Eye on Emmy: How Fringe's Anna Torv Finds the Reality Amid the Unreal
As FBI agent Olivia Dunham, Fringe’s Anna Torv this past season loved and lost a man, endured a difficult pregnancy, and cheated death all but one time. Complementing the spectacular conceits of dual universes, duplicate selves, accelerated gestation periods and time-jumps, the drama quotient remained high as well, with this formidable female often feeling – literally — the weight of our world on her shoulders. Perhaps it’s time for Emmy voters to see past the Fox series’ fantasy elements and give props to the Aussie actress who delivers the fantastic week after week.
TVLINE | This season, you played Olivia, “Bolivia,” Bolivia-as-Olivia, and Olivia as… Leonard Nimoy. How did that work out for you?
This season was my favorite so far. You do a show, and there are things you do every episode – like, we always have a crime scene – so to all of a sudden throw it in the air and be given the chance to play a whole lot of different stuff is fun.
TVLINE | Could you have imagined three years ago you’d be juggling all this?
I didn’t know what to imagine even after we finished the pilot. But this [third] season exceeded my expectations, and I think everybody had a ball, actually. Season 1, [which was filmed] in New York, was awesome, and Season 2 we were feeling things out in a new town [Vancouver] with a completely different crew. So this past year essentially [felt like only] the second season – and everybody says that’s the best one, because you’re relaxed.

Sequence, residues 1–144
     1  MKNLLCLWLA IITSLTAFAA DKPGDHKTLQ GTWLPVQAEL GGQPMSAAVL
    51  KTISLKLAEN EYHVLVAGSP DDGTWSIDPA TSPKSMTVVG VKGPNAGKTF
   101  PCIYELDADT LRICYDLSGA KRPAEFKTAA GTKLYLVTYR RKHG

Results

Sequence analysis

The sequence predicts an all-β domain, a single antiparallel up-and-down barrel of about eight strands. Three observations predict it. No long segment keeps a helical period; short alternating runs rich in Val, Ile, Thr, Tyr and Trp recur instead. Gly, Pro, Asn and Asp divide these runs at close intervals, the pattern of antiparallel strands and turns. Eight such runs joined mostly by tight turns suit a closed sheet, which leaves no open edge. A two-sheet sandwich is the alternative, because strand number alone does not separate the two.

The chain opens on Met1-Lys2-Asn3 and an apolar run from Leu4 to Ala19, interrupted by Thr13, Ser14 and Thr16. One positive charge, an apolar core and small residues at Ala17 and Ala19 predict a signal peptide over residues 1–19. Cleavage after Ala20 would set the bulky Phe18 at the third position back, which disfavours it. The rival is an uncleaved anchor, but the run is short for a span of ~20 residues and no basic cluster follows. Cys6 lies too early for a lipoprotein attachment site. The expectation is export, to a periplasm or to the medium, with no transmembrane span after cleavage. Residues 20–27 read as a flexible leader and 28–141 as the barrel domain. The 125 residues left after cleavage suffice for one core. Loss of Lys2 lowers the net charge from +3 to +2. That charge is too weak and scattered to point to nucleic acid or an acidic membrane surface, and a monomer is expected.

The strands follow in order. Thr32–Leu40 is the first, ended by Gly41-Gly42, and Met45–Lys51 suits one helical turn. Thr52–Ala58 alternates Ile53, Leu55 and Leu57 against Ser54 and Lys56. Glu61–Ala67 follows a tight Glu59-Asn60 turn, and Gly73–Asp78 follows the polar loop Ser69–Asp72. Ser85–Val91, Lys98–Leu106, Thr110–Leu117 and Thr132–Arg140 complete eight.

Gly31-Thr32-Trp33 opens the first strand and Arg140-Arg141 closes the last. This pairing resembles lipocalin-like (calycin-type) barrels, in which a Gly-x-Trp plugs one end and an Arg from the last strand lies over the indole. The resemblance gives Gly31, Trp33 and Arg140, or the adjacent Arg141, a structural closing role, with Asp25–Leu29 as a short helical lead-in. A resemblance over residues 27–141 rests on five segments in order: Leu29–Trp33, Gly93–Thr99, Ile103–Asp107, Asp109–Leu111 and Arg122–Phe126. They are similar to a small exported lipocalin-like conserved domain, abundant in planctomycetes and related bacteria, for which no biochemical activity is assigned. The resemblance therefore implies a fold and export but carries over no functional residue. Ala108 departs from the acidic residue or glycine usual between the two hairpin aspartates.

TVLINE | Are you worried about what the writers might throw at you next?
I don’t know what they’re thinking, especially with the way we ended this season.
TVLINE | I have to imagine you’ll now be playing Olivia and Bolivia concurrently in the same space…
I’m thinking so, which will be tough on the hair department but fun for me. [Laughs] The only scene they had together was at the end of Season 2, when they had to fight in the apartment. I don’t know how much of that they’re going to do because that took a damn long time to shoot.
TVLINE | How do you go about making Bolivia not simply “the evil twin”?
I didn’t know where [the writers] were going to go with her, so I tended to just play it scene-for-scene or episode-for-episode. There were a couple where I thought, “Oh, she kind of is going bad,” but then you get to see her in other situations and she becomes a person. Going back to the other side and getting to play a bunch of stuff where she’s in her own world I think did great things for the character, because then you went, “She’s just fighting for her cause.”
TVLINE | Talk about how you worked with John Noble to nail down what was basically an impersonation of an in absentia Leonard Nimoy.
I was not excited when that script came out. I was fearful. So what do you do? You call the people that are much better than you and say, “Help!” [Laughs] John had worked with Leonard, plus I was so, so nervous, I wanted to make sure that when I went to set to do it for the first time there was at least one person that I could look at who I had done it with before and trusted. It offered an element of comfort.
TVLINE | Did you ever get a note from Mr. Nimoy?